A shortage of available bus drivers at Charlotte-Mecklenburg Schools has stalled the district’s plans to bring middle school students back for in-person learning beginning Nov. 23.
Instead, sixth- through eighth-graders in K-8 schools will return to classrooms Nov. 30 while those in traditional middle schools will have to wait until Jan. 5, 2021. The school board approved these changes Nov. 10.
Superintendent Earnest Winston said the rationale behind his recommendation was for the health and safety of students as well as to remain in compliance with Gov. Roy Cooper’s executive orders regarding social distancing on buses.
This has been complicated by a lack of available bus drivers, a problem administrators said emerged in recent weeks.
CMS has 1,005 buses scheduled for the 2020-21 school year, but only 877 drivers available to transport students. That’s because 122 drivers are on approved leave with more awaiting decisions. There’s also six vacancies.
Federal leaves permitted through the Families First Coronavirus Response Act are set to expire on Dec. 31.
School board members Rhonda Cheek, Sean Strain and Margaret Marshall did not support the superintendent’s recommendation.
“To me, this isn’t a health and safety issue,” Cheek said. “It’s an operation failure and we are letting down our kids.”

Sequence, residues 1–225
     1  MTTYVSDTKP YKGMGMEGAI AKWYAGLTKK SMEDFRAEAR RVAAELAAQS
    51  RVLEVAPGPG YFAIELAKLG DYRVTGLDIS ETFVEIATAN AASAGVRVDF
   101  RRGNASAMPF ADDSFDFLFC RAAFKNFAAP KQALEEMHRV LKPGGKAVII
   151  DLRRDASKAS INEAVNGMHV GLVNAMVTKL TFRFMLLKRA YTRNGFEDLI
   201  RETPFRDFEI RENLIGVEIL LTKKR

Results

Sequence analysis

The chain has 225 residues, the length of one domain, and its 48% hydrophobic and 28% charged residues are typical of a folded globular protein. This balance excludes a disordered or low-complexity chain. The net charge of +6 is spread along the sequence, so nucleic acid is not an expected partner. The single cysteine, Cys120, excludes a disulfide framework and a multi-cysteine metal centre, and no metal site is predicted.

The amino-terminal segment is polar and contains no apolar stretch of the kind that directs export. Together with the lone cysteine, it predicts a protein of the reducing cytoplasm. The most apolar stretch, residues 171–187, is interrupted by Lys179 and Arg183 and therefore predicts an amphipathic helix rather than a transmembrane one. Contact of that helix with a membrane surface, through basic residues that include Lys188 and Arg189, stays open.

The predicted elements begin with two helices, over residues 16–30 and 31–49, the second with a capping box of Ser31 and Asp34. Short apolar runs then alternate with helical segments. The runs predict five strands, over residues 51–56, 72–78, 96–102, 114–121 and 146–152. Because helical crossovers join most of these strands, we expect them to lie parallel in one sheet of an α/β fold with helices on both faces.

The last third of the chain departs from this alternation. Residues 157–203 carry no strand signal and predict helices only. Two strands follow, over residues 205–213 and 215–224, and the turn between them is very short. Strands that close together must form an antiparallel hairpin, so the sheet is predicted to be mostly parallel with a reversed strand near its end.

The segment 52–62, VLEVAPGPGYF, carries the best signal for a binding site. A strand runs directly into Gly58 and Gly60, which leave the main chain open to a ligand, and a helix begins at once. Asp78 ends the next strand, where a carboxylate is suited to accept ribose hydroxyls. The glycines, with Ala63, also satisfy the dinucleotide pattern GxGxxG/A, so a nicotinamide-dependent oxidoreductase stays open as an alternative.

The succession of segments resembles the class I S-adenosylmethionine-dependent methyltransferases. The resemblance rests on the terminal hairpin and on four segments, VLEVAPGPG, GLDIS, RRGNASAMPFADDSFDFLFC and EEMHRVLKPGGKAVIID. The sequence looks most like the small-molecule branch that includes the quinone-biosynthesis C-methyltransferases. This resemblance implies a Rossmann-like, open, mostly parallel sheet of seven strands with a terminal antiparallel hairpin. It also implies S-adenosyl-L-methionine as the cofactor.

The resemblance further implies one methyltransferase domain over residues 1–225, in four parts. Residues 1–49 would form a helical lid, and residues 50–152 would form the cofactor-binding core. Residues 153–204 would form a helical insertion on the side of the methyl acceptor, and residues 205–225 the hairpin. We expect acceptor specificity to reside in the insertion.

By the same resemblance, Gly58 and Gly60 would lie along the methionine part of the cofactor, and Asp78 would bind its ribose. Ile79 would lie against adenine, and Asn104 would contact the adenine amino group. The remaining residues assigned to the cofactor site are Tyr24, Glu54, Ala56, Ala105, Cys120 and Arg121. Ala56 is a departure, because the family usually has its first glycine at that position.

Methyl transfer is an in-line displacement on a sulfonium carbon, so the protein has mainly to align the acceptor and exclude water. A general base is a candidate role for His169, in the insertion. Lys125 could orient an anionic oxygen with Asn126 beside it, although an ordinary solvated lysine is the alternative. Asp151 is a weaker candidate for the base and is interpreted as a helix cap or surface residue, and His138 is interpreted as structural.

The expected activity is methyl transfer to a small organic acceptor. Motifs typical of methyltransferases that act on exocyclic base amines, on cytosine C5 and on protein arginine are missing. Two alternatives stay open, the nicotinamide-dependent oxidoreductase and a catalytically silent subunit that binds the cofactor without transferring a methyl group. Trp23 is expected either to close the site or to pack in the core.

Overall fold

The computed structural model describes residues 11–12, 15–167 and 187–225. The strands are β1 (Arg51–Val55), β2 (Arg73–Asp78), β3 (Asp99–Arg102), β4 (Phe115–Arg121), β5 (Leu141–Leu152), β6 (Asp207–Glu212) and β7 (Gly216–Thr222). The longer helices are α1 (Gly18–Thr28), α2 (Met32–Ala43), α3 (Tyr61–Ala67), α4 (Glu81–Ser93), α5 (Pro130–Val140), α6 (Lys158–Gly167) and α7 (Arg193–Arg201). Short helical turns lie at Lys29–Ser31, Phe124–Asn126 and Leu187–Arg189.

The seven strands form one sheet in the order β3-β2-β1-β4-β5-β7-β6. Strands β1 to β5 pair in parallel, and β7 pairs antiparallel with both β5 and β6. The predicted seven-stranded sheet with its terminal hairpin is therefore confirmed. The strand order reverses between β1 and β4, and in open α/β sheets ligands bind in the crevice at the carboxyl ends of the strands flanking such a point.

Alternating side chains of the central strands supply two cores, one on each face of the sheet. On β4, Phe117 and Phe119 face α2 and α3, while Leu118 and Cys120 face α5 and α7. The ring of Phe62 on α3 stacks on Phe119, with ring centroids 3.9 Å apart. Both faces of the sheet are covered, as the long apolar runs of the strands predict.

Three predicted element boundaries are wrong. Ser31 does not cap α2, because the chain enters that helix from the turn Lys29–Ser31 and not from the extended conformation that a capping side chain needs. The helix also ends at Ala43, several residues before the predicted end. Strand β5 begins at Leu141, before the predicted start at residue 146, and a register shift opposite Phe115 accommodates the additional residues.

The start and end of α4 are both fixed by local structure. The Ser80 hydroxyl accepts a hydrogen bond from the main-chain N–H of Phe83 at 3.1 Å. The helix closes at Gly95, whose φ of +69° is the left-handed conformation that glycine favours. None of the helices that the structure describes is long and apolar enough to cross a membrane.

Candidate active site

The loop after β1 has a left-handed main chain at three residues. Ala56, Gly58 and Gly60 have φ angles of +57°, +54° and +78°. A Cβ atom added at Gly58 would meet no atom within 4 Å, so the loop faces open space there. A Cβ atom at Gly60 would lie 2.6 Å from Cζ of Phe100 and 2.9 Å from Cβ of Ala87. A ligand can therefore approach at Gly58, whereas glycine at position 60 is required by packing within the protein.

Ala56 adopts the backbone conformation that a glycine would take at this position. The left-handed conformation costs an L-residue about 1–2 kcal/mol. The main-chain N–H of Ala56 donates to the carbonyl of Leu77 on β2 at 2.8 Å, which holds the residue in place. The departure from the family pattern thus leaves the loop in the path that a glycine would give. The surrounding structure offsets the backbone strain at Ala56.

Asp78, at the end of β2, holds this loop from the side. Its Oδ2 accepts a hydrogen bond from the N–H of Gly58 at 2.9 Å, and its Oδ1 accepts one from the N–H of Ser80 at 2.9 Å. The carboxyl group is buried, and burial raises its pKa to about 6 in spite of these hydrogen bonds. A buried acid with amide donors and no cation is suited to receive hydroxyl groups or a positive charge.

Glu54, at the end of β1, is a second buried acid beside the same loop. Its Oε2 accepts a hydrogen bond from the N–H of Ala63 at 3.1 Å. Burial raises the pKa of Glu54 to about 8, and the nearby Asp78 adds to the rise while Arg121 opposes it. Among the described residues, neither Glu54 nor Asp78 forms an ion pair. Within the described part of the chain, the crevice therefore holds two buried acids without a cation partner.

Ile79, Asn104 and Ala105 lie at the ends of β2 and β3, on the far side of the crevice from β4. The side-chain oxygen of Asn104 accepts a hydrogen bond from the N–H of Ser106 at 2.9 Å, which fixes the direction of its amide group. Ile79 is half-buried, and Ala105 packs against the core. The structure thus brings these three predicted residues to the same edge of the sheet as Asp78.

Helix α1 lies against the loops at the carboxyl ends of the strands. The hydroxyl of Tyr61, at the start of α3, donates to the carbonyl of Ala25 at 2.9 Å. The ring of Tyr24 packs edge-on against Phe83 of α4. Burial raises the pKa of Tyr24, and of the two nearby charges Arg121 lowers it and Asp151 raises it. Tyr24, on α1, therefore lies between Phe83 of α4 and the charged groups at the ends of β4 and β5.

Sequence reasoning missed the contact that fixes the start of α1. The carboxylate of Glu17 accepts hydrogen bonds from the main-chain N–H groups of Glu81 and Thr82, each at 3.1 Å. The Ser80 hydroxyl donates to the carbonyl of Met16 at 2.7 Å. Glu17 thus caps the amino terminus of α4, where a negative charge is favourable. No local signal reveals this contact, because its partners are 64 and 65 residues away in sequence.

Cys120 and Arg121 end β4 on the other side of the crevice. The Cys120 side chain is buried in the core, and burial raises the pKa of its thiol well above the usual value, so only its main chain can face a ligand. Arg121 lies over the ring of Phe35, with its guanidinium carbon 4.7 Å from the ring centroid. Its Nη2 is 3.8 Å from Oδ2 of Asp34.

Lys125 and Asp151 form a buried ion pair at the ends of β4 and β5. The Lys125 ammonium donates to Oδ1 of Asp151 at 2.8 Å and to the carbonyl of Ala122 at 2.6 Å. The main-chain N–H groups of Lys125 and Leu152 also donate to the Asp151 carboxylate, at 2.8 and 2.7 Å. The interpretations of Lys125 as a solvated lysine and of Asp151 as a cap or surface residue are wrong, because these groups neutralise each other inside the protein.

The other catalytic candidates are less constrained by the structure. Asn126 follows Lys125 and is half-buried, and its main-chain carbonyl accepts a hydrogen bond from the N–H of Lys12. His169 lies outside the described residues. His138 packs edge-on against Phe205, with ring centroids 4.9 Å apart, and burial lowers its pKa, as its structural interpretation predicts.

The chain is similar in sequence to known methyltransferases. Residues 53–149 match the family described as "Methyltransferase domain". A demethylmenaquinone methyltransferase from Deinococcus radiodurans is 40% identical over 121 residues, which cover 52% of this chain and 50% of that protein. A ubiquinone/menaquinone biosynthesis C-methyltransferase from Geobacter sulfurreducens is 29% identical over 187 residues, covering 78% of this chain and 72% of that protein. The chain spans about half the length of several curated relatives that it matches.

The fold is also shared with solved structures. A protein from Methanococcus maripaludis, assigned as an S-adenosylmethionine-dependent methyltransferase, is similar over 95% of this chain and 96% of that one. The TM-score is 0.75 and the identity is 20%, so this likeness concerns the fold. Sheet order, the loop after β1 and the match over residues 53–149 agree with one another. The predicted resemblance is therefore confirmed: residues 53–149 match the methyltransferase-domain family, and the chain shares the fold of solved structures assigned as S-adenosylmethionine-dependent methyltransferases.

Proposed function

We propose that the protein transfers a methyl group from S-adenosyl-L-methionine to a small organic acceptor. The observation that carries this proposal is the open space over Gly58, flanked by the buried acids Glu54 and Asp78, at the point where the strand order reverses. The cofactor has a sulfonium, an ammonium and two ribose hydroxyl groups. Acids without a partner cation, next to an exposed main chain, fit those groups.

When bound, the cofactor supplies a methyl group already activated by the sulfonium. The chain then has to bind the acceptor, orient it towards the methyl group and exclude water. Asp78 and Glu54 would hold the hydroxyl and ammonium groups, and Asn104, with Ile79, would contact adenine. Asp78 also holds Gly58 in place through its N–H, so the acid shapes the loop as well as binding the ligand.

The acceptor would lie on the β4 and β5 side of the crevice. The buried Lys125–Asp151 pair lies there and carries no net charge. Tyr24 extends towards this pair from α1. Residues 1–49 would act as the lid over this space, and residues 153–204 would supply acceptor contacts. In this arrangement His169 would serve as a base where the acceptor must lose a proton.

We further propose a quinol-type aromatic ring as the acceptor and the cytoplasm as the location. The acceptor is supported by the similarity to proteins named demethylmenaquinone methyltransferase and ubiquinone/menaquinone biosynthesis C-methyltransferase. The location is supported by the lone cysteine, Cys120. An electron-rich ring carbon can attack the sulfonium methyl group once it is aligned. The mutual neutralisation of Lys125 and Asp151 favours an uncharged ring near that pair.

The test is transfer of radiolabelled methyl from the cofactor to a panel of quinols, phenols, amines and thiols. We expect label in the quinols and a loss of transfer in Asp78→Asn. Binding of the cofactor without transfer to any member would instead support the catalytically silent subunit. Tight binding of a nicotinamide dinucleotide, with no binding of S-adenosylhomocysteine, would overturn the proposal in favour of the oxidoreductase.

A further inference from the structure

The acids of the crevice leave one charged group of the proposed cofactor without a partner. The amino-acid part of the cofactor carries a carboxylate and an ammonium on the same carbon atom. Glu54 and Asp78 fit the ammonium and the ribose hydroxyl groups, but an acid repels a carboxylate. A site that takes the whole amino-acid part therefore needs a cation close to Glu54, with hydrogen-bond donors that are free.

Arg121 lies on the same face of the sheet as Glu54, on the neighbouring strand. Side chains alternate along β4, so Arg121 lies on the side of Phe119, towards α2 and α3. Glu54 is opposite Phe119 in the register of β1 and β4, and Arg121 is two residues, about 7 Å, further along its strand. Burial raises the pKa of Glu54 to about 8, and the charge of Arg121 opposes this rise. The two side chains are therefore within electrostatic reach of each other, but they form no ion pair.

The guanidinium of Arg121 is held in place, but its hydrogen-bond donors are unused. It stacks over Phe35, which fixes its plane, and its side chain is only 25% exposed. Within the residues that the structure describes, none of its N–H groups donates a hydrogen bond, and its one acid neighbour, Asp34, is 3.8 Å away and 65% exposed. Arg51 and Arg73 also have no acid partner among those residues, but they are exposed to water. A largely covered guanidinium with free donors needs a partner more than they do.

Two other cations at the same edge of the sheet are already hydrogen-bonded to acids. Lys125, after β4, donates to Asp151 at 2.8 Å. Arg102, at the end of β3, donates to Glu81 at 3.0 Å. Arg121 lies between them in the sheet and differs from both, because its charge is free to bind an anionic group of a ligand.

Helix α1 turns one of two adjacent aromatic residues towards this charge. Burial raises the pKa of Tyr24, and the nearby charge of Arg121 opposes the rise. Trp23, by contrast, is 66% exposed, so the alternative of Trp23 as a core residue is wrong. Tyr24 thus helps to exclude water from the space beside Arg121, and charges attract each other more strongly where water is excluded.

Strain echoed Cheek’s sentiments.
“I’m devastated that we’re not going to be able to meet the needs of our sixth- to eighth-graders that should be and deserve to be going back to school,” Strain said.
Marshall thought there were some short-term actions the district could have taken to make the original plan work, but she understood the challenges and credited district staff for working hard through unique circumstances.
She believes many parents, including those in her district, would opt to drive their children to school as opposed to letting them ride the bus.
Families will receive a survey beginning Nov. 16 asking if students will attend in-person learning for the second semester. The survey will also ask about the need for morning or afternoon bus transportation.
Adam Johnson, transportation administrator, said CMS considered a number of strategies to get students in school sooner, such as adding another bell tier and consolidating stops, but each solution came with trade-offs, such as substantial delays.
Such delays would impact the instructional day and decrease the time buses could be refueled and maintained, he said.